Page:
Today, Blue Lotus has spread throughout Southern Africa and select other African countries as well as growing in Israel, Yemen, Thailand, Brazil, and Argentina. It’s cultivated in many more areas. Many believe it originally grew along the Nile River in Egypt.
Supposedly the goddess Isis was the first to note that Blue Lotus was edible, in the first century B.C. Word spread to pharaohs and others who were eager to partake in the ”medicine” ceremonies. Blue Lotus flowers were often gifts for visitors and used in party decorations and palace landscaping. Blue lotus became quite prevalent in artwork, from pots and urns to mosaics and tomb paintings. Its flowers were also widely used as a burial wreath. Nowadays, Blue Lotus is ubiquitous in Japanese and Chinese landscaping.
Blue Lotus Historical Use
The priest caste in Egyptian and Mayan civilizations used Blue Lotus extract for its narcotic properties, according to a 1981 paper by William A. Emboden. The ancient Egyptians believed in the medicinal power of the flower’s scent. Dried Blue Lotus flowers have been known to be smoked as well.
It’s possible that Blue lotus is what Homer mentions in The Odyssey. Homer writes of meeting island dwellers he calls the Lotus-Eaters, who eat the “honey-sweet lotus fruit” and never wanting to go home. He has to drag his men away from the island back to the ship — that’s how potent the lotus flower was! It might have been the sacred lotus instead, but the description of the lotus’ sedative property seems to suggest it was blue lotus.
Current Use of Blue Lotus
Neurosoup asserts that Blue Lotus extract acts a claiming, relaxing mild psychoactive, “Dosages of 5 to 10 grams of the flowers induces slight stimulation, a shift in thought processes, enhanced visual perception, and mild closed-eye visuals.” Some people report pleasant effects after boiling the flowers to make tea or soaking them in alcohol. Wine, honey mead, and riesling are most popular. Sweeter wines and spirits tend to be more popular with blue lotus as it can add a bitter taste to your brew.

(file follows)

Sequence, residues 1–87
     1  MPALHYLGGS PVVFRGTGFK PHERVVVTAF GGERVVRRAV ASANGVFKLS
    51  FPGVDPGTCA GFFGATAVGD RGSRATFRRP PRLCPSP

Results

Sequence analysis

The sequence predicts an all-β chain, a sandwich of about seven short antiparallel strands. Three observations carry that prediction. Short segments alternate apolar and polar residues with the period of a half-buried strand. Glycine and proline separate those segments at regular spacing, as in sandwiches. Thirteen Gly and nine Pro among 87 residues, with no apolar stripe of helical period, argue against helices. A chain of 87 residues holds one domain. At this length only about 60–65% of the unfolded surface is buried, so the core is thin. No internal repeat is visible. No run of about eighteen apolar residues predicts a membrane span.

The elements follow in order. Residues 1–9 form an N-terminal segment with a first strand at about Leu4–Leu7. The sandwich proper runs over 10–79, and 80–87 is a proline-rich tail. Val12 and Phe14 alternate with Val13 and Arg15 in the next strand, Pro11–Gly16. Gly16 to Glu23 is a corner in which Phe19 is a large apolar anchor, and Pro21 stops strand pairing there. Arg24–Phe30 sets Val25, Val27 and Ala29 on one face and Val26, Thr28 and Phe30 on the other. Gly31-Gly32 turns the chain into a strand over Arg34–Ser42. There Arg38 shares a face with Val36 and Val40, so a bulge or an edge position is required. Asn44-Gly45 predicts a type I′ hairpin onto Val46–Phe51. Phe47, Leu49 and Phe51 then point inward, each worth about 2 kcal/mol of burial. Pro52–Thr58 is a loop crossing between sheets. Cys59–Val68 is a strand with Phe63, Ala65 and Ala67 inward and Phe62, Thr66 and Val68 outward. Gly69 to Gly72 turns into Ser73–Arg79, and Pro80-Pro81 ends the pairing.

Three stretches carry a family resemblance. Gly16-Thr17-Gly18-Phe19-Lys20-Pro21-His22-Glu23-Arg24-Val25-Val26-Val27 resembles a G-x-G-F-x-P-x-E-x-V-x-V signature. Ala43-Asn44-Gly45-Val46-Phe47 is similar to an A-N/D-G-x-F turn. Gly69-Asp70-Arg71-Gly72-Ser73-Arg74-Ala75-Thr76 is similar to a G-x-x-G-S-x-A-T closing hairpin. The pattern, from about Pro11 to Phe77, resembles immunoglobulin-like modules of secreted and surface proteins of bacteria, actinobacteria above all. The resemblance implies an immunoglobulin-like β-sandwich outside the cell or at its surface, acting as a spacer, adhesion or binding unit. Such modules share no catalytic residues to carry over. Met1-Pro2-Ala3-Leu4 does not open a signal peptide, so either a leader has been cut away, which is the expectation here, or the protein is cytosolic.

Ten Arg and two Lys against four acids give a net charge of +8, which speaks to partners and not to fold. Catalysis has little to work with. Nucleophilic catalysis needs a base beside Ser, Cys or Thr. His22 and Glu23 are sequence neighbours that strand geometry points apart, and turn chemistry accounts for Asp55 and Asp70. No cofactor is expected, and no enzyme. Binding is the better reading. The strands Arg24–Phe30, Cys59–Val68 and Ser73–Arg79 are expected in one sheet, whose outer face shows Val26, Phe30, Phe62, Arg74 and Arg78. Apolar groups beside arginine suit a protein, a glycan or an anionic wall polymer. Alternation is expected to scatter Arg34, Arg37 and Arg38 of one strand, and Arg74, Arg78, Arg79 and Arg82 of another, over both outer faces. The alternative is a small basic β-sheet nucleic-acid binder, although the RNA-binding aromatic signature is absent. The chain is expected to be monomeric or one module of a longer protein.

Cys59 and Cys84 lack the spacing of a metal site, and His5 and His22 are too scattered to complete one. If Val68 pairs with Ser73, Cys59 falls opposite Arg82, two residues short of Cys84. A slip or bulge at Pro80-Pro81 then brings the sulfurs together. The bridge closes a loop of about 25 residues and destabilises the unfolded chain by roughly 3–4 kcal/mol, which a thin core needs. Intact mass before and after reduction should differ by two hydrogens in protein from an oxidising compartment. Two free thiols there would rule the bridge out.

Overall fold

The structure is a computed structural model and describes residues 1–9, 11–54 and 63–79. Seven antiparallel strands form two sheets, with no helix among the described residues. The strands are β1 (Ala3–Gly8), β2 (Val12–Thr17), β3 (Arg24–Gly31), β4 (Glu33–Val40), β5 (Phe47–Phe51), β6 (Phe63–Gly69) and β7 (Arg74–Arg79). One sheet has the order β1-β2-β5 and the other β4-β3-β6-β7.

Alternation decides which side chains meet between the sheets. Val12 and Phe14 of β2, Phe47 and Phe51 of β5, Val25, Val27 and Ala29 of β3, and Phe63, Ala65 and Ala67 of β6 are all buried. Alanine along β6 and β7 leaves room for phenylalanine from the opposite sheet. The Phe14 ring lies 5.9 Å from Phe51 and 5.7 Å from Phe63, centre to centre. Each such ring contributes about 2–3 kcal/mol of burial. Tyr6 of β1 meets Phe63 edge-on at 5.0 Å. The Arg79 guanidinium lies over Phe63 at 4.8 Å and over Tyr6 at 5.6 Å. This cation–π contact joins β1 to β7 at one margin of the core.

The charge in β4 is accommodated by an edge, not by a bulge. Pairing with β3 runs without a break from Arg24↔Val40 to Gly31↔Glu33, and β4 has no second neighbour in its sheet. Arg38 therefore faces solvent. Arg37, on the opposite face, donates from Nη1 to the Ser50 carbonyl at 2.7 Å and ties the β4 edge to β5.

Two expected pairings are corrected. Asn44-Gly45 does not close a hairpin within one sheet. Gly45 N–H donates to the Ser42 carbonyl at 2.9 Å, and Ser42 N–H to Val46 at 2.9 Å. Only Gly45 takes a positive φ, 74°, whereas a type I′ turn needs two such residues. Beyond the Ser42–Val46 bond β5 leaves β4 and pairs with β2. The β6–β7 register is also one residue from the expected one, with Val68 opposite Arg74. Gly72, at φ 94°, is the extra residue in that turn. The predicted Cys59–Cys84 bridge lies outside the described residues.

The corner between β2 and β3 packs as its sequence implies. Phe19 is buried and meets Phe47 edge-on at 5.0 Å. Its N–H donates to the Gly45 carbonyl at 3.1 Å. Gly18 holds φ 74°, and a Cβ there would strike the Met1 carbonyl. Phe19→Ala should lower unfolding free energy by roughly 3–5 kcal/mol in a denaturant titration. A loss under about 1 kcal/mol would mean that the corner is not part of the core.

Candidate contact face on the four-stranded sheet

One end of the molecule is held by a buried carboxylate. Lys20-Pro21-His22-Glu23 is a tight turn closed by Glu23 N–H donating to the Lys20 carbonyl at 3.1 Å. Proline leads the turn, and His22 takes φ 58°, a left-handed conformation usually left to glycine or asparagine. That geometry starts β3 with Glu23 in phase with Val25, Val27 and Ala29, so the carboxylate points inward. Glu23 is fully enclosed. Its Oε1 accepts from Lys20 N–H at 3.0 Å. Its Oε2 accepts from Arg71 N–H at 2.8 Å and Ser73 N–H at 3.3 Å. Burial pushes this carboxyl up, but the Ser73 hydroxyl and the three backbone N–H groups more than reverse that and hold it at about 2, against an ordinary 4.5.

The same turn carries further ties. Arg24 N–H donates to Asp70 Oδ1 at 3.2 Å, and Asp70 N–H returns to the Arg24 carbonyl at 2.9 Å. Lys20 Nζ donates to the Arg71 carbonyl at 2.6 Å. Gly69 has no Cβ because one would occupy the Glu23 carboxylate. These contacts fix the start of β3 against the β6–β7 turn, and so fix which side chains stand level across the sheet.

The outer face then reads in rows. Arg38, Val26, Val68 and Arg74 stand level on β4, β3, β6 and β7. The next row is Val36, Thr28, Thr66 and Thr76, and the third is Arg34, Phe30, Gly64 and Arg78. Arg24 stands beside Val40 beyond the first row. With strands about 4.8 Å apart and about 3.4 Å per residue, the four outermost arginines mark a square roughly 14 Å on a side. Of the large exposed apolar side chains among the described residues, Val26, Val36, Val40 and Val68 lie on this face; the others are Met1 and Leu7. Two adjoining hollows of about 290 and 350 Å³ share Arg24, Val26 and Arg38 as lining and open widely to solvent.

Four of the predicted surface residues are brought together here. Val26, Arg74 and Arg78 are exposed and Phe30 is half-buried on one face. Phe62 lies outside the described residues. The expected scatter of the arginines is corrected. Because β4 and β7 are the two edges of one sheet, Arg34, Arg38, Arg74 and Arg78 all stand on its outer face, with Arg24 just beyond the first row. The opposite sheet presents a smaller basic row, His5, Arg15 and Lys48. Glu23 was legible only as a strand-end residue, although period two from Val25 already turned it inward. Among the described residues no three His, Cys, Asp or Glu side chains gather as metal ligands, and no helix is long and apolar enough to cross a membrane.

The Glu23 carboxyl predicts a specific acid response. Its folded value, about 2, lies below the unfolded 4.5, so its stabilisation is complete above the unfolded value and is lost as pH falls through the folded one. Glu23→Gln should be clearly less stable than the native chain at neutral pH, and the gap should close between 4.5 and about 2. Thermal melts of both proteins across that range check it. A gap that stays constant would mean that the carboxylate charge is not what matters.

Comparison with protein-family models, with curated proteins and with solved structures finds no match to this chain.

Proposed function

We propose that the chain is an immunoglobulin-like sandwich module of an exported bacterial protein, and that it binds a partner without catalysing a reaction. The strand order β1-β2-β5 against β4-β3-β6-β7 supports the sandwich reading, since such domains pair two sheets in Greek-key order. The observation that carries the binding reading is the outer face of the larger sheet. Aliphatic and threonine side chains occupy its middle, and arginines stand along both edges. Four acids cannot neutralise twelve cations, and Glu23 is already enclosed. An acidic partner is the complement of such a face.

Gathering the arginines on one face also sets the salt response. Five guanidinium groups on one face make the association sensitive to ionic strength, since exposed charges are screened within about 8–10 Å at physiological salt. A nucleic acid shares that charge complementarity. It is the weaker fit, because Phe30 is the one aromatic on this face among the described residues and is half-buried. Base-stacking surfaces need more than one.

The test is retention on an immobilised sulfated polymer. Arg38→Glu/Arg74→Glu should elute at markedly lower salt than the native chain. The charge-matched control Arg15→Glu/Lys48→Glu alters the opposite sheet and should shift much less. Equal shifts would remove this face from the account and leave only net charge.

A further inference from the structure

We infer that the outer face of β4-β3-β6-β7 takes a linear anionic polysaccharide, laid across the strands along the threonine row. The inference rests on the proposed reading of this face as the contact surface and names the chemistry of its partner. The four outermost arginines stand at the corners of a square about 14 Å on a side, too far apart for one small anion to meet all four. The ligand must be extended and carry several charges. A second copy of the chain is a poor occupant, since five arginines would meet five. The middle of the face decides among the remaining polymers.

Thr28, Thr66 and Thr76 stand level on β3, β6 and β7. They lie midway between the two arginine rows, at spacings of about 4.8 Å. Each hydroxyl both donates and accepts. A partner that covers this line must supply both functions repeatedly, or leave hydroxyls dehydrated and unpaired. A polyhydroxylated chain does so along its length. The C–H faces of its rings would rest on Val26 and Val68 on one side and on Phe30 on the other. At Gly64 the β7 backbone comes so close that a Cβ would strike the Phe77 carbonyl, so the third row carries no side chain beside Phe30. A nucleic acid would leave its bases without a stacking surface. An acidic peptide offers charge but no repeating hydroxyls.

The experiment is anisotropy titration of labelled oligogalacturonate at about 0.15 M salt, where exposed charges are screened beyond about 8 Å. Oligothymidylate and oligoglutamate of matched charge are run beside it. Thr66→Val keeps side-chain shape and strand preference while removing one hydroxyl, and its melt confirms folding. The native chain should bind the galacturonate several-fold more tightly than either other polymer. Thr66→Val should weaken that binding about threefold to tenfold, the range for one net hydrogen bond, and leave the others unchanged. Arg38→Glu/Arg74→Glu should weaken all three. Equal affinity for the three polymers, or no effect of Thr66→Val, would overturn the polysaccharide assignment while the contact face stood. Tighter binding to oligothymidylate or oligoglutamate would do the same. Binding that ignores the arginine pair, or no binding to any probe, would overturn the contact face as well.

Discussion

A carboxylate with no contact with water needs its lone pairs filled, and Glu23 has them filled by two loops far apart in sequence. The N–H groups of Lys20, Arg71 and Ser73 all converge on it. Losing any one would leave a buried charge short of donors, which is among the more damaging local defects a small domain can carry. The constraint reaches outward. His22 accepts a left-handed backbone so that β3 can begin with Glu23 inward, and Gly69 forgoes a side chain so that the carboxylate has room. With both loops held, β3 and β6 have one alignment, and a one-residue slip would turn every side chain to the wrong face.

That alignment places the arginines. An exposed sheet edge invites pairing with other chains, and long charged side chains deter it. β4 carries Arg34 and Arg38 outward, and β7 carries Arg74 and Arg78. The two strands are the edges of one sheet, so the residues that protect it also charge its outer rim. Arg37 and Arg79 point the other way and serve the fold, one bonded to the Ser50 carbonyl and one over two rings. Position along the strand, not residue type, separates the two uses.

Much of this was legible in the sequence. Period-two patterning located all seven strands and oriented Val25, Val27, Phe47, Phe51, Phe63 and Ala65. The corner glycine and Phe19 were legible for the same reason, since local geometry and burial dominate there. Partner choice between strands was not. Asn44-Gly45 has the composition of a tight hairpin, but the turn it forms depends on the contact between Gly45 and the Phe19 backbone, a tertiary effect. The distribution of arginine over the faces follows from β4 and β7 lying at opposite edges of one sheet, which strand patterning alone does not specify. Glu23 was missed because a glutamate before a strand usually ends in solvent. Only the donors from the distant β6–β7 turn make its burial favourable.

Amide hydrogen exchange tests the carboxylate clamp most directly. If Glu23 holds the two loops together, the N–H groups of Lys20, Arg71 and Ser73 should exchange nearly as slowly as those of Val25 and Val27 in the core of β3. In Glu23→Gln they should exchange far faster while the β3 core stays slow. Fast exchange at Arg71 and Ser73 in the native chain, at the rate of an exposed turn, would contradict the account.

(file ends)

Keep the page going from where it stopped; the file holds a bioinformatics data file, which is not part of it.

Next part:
Scientific Research on Blue Lotus Extract
Blue lotus’ two main alkaloids are nuciferine and aporphine. A 1978 study found that nuciferine blocks dopamine receptors and has a relaxing, sedative effect. Aporphine in particular is a “dopamine D1 antagonist,” meaning it blocks a specific dopamine receptor. Dopamine receptors in the brain play a role in mood, pleasure, motivation, memory, and more. Blocking dopamine reception means more dopamine — the happiness neurotransmitter — stays in the synapse, potentially leading to a temporary feeling of well-being.
Although research on the flower is scarce, Blue Lotus extract was featured in a British TV series called Sacred Weeds, which aired in the late ‘90s. Two volunteers drank wine that Blue Lotus flowers were steeped in for several days. The volunteers said they felt relaxed, happy, chatty, and cheeky for roughly two hours, at which point they ate the flowers and some effects returned. At the time, a pharmacologist observed that the effects of Blue Lotus extract were “euphoria with tranquilization.” However, this obviously was not a scientific study, as there wasn’t a control group. Scientists, you know what to do.
Blue Lotus Warnings
This statement is for educational purposes only and has not been evaluated by the FDA. Blue lotus extract, tincture, resin, and flowers are not intended to diagnose, treat, cure, or prevent any disease.
When ordering Blue Lotus, you agree to our disclaimer and that you are at least 18 years old.
As with most supplements, it has not been established that Blue Lotus is safe for pregnant or breastfeeding women.